If at any point you’re feeling overwhelmed by the crazy fast-paced life in Osaka then why not take some time out to experience Spa World, one of the largest hot spring complexes in the world. Drawing on natural spring water, this complex features themed rooms modelled on different spas around the world and a water theme park on the roof. Going to the onsen is a unique experience and one of the most relaxing things to do in Osaka. If you’re not familiar with nude public baths it might seem daunting at first but the experience is one of a kind and totally freeing. The baths are gender-specific with men on the European bath floor and women on the Asian bath floor. Enjoy hopping from bath to bath, massaging yourself with salt scrub in the sauna, and laying out near the open-air baths!
Visit a temple
Much like the rest of Japan, Osaka is full of ancient temples and shrines each with their own meanings and history. Visiting a temple is one of many free things to do in Osaka and a peaceful place to escape the chaotic city crowds and discover the spiritual side to Osaka. There are many famous shrines dotted throughout the city which draw crowds of curious tourists, however my personal favourite is Hozenji, a small, unassuming temple tucked away down a quaint side street near the Dotonbori Bridge. This temple pays homage to the wisdom king, Fudo Myoo, and is a popular spot amongst locals who come here to worship by splashing water on the statue. This is a true hidden gem that you’d just walk past if you didn’t know it was there but it provides an authentic local experience that shouldn’t be missed.
Ramen at Ichiran
I’d argue that the most important part of Osaka culture and society is food. Locals have a saying, “eat and drink until you die”, and I think that perfectly sums up the food culture in Osaka! Some people even say there are more restaurants in the city than people! One particular dish that you must try when in visiting Osaka and Japan in general is ramen. For this, you should check out one of Japan’s most famous ramen chain restaurants, Ichiran (Dotonbori branch). There will almost certainly be a queue but don’t be put off, it’s definitely worth the wait! They take ramen very seriously here. When you enter, you pay and make your selection from a vending machine. You get a ticket and fill out your preferences such as lightness or thickness of broth and chewiness of your noodles and you then get sat either in individual stalls with bamboo curtains or at long tables with dividers to give you the space and privacy required to fully appreciate your meal. Tip: Officially you’re not supposed to talk. Some places are more lenient but some aren’t – I learnt the hard way!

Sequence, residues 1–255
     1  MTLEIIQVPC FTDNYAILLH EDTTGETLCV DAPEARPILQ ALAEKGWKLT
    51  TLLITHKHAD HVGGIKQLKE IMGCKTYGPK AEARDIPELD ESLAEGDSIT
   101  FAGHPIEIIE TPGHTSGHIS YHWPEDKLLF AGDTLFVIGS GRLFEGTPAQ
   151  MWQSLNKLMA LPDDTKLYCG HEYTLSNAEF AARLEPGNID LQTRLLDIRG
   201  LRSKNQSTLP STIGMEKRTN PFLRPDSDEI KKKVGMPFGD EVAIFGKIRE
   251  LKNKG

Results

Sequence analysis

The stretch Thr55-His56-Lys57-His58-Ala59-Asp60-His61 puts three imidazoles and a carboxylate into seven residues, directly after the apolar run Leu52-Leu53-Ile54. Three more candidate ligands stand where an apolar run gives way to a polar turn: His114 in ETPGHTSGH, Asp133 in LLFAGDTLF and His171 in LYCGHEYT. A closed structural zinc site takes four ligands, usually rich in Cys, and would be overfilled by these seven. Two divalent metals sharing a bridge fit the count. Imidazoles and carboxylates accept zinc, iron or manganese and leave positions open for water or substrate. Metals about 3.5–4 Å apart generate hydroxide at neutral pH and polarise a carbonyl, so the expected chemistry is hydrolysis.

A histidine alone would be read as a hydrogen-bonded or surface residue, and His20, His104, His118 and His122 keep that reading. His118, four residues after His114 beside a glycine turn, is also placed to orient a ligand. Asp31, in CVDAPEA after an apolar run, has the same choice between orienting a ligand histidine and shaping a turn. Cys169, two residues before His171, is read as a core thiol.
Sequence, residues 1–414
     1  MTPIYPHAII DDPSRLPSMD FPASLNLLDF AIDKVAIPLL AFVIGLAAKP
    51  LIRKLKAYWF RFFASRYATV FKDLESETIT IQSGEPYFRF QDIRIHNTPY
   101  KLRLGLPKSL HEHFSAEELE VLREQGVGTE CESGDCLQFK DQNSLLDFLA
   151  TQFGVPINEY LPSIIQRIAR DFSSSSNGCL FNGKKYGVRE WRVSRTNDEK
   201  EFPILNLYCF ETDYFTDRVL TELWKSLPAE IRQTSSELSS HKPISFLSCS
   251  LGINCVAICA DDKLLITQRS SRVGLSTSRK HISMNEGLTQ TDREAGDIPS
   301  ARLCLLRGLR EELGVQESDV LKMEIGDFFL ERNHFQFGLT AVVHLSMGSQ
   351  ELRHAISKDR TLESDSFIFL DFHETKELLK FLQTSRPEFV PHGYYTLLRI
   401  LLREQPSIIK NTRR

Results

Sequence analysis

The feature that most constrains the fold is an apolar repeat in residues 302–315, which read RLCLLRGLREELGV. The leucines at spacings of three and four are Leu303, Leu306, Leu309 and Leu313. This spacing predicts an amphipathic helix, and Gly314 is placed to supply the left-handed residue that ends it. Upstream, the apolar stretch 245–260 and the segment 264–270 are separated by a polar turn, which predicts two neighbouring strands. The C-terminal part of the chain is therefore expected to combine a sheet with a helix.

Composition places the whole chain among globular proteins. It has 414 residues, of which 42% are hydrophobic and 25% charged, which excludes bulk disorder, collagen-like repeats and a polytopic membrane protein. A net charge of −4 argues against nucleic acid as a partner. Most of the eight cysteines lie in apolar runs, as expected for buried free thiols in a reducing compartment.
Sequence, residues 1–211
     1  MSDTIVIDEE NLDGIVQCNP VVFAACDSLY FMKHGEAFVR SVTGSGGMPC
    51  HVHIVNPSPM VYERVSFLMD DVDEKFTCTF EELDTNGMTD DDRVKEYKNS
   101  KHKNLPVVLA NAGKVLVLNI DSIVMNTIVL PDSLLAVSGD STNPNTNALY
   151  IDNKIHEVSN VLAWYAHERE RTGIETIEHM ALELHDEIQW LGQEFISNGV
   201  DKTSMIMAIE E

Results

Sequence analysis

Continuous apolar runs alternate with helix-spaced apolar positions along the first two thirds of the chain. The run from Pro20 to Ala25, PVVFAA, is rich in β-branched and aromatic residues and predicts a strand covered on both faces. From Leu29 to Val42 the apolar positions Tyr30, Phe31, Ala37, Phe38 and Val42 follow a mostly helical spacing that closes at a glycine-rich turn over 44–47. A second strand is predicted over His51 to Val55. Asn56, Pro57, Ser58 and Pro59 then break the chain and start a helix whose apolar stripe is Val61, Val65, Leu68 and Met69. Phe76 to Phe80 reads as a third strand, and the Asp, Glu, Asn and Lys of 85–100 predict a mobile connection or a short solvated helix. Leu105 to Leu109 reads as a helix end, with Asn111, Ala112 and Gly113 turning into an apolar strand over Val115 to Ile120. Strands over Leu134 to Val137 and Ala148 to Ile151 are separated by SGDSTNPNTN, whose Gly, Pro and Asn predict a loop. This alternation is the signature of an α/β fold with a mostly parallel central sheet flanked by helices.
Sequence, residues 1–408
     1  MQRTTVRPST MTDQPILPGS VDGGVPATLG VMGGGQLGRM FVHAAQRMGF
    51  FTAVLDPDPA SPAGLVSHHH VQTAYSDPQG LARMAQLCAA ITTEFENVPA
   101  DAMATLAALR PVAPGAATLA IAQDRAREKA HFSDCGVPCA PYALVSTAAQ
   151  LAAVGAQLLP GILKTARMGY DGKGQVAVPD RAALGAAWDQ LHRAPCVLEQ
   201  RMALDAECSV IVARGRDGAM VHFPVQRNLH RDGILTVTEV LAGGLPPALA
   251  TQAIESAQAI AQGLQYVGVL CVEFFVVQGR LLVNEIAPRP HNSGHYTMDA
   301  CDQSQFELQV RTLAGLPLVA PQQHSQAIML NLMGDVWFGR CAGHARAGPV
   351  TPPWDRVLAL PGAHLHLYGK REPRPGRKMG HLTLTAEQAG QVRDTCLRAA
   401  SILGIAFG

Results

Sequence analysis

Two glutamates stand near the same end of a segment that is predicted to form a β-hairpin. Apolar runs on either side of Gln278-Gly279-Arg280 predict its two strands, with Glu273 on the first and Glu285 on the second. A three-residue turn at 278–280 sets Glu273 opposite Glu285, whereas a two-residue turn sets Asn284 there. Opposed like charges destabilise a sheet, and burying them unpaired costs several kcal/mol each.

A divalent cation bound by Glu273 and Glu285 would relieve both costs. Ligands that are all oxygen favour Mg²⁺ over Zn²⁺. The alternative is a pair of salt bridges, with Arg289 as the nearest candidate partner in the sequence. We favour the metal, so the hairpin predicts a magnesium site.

Experience Osaka’s sub-culture in the American Village
Ame-mura (Amerikamura), literally translated as ‘American Village’, is an area near Shinsaibashi famous for its alternative, hipster vibe based around the Japanese interpretation of American culture throughout the 50s, 60s, 70s and 80s. This place is a riot and one of the most quirky things to do in Osaka. Plenty of my favourite bars are here and there are a ton of weird and wonderful vintage clothing shops, anime merch stores, restaurants, old-style toy shops as well as Goth and heavy metal type shops. It’s also one of the best spots for people watching in the whole city, you’re sure to see the wildest and most colourful fashion trends as well as many, many people with intriguing and eccentric individual styles. Grab a conbini beer and sit in Triangle Park to just watch and enjoy.
Anime in Den Den Town
Den Den Town, or Nipponbashi, is an exciting part of town tucked away in a small corner of Osaka’s southern district frequented by fans of Japanese otaku culture. If you’re looking for fun things to do in Osaka I’d absolutely recommend this entertainment hot spot. It is home to an array of unique stores selling and showcasing anime, manga and cosplay memorabilia as well as electronic shops and gaming stores. This place is a must-see for anime-lovers and the secret geeks inside us all!
Eat street food
Another crucial part of Osaka’s food culture is street food. Locals eat out a lot and people rarely cook at home. With many people working long hours in Osaka and not finishing until late, demand for delicious on-the-go food is high. My favourite street food is Takoyaki, deep fried balls typically filled with octopus. These scrumptious dumplings originated in Osaka and are a must-eat for all visitors! If octopus isn’t your thing there are many variations that you can try. Countless street food stores sell these delicious snacks at all hours throughout the city so make sure you squeeze in a take away treat during your visit!